2, Bremen Center for Computational Materials Science, Bremen, , Germany
3, MAPEX Center for Materials and Processes, Bremen, , Germany
Monolayers of transition metal dichalcogenides (TMDCs) exhibit an exceptionally strong Coulomb interaction between charge carriers due to their two-dimensional nature and weak dielectrical screening. Modifying the interaction via changing the dielectric environment or exciting charge carriers offers a possibility to control the interactions and as a consequence also the macroscopic optical properties. More generally, due to their many-body interactions, excited charge carriers directly influence the electronic and optical properties of monolayer TMDCs. This includes scenarios of electrical and optical excitation as well as charge carrier doping.
In this talk the strong many-particle renormalizations caused by the Coulomb interaction of the excited carriers will be investigated for MX2 with M = (Mo, W) and X = (S, Se). To study the properties of these four TMDCs we solve the semiconductor Bloch equations on the full Brillouin zone using ab initio band structures and interaction matrix elements.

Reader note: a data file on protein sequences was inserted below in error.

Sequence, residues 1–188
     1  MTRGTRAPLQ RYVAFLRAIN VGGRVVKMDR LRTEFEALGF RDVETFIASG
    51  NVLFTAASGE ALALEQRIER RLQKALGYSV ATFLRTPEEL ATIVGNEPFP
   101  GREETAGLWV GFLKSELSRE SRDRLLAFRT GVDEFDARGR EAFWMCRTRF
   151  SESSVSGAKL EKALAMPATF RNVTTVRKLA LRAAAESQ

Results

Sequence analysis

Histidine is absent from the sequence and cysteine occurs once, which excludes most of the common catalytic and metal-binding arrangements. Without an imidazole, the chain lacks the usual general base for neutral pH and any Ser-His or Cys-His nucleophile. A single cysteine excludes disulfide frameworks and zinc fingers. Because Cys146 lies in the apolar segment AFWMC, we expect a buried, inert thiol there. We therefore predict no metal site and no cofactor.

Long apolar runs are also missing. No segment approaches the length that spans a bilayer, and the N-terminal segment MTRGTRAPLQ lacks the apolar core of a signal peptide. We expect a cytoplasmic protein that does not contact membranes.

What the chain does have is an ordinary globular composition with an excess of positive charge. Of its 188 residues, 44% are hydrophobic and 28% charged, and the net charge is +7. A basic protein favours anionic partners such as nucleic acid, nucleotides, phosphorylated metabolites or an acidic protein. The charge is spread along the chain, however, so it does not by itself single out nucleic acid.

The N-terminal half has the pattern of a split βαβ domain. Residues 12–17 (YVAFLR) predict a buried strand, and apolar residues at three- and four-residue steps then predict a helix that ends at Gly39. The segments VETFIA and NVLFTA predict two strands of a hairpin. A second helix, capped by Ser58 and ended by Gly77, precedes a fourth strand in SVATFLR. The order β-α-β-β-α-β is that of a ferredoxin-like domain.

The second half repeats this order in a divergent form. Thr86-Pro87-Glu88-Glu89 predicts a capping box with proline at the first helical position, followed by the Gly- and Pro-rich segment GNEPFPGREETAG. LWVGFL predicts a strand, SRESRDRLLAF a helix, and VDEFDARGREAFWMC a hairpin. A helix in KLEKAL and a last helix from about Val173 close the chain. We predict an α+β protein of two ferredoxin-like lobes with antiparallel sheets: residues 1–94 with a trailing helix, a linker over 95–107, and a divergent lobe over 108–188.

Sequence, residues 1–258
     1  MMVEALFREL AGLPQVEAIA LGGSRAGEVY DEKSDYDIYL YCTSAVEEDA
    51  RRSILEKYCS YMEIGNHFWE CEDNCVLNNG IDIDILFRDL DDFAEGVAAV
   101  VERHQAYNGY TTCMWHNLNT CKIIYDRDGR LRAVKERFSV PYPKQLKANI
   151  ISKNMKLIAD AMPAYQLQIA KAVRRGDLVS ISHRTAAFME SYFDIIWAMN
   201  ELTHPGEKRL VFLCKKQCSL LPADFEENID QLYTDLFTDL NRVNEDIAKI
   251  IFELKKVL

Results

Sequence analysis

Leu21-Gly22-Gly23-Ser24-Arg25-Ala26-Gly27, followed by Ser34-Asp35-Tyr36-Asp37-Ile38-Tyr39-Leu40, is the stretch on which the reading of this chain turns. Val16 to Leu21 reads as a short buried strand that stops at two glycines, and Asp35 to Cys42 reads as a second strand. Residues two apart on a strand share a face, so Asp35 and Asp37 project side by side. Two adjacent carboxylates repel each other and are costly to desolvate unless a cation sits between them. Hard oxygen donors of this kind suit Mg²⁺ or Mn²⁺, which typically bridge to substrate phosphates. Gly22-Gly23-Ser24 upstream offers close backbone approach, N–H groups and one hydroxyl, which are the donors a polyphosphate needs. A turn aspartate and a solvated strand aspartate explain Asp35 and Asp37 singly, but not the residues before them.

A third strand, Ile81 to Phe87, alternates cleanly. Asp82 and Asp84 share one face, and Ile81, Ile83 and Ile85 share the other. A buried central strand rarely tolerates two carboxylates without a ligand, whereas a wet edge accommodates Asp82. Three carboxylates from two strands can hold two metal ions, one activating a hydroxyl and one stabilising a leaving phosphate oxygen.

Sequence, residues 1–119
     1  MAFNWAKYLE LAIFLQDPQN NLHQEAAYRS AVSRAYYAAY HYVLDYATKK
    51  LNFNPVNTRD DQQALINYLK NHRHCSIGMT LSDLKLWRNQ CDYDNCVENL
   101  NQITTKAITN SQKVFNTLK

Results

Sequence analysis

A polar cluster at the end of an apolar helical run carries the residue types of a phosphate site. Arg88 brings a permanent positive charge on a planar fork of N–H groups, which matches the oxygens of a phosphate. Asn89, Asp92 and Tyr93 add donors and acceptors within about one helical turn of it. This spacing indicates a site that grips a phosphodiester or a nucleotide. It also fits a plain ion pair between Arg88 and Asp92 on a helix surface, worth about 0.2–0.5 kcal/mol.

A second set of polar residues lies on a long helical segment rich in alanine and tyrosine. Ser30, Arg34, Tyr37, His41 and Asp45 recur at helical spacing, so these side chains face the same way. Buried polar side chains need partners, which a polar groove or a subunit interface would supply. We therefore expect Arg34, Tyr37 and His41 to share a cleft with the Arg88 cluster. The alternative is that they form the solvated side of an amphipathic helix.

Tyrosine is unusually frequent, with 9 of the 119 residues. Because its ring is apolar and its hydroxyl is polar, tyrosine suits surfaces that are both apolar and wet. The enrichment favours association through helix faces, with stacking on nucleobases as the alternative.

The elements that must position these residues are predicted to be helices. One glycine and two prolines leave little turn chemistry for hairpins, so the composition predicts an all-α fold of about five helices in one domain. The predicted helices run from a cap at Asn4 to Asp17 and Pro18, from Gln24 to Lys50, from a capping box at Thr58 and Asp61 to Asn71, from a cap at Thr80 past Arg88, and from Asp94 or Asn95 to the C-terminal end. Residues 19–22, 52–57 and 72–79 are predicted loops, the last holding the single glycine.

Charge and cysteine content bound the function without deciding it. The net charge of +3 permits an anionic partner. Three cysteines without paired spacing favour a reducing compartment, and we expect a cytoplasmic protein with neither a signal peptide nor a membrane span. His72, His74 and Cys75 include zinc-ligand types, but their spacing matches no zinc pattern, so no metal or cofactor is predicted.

By increasing the density of excited carriers, we find a reduction of the exciton binding energy due to Coulomb screening and Pauli blocking. In addition to the excitation-induced band-gap shrinkage, these effects lead to redshifts of the excitonic resonances on the order of several hundred meV until the excitons dissociate into a fermionic electron-hole plasma. As excitons are charge-neutral bosonic particles, the degree of their ionization strongly influences many-body effects such as screening. We quantify the exciton ionization degree depending on excitation density and environmental screening.
The central finding of our investigation is a relative shift between the K- and the neighbouring Σ-valley in the conduction band induced by the renormalizations. All four TMDCs show a tendency to become more indirect as the Σ-valley shifts to energetically lower values than K. While monolayer TMDCs are usually celebrated for offering direct band gaps, we predict a transition from a direct to an indirect band gap for MoS2 and WS2. This transition should also lead to a drain of carriers from the K-valley and thus to a quenching of the photoluminescence, similar as in strained monolayers. Our findings are also relevant to transport and optical applications e.g. the emergence of superconductivity.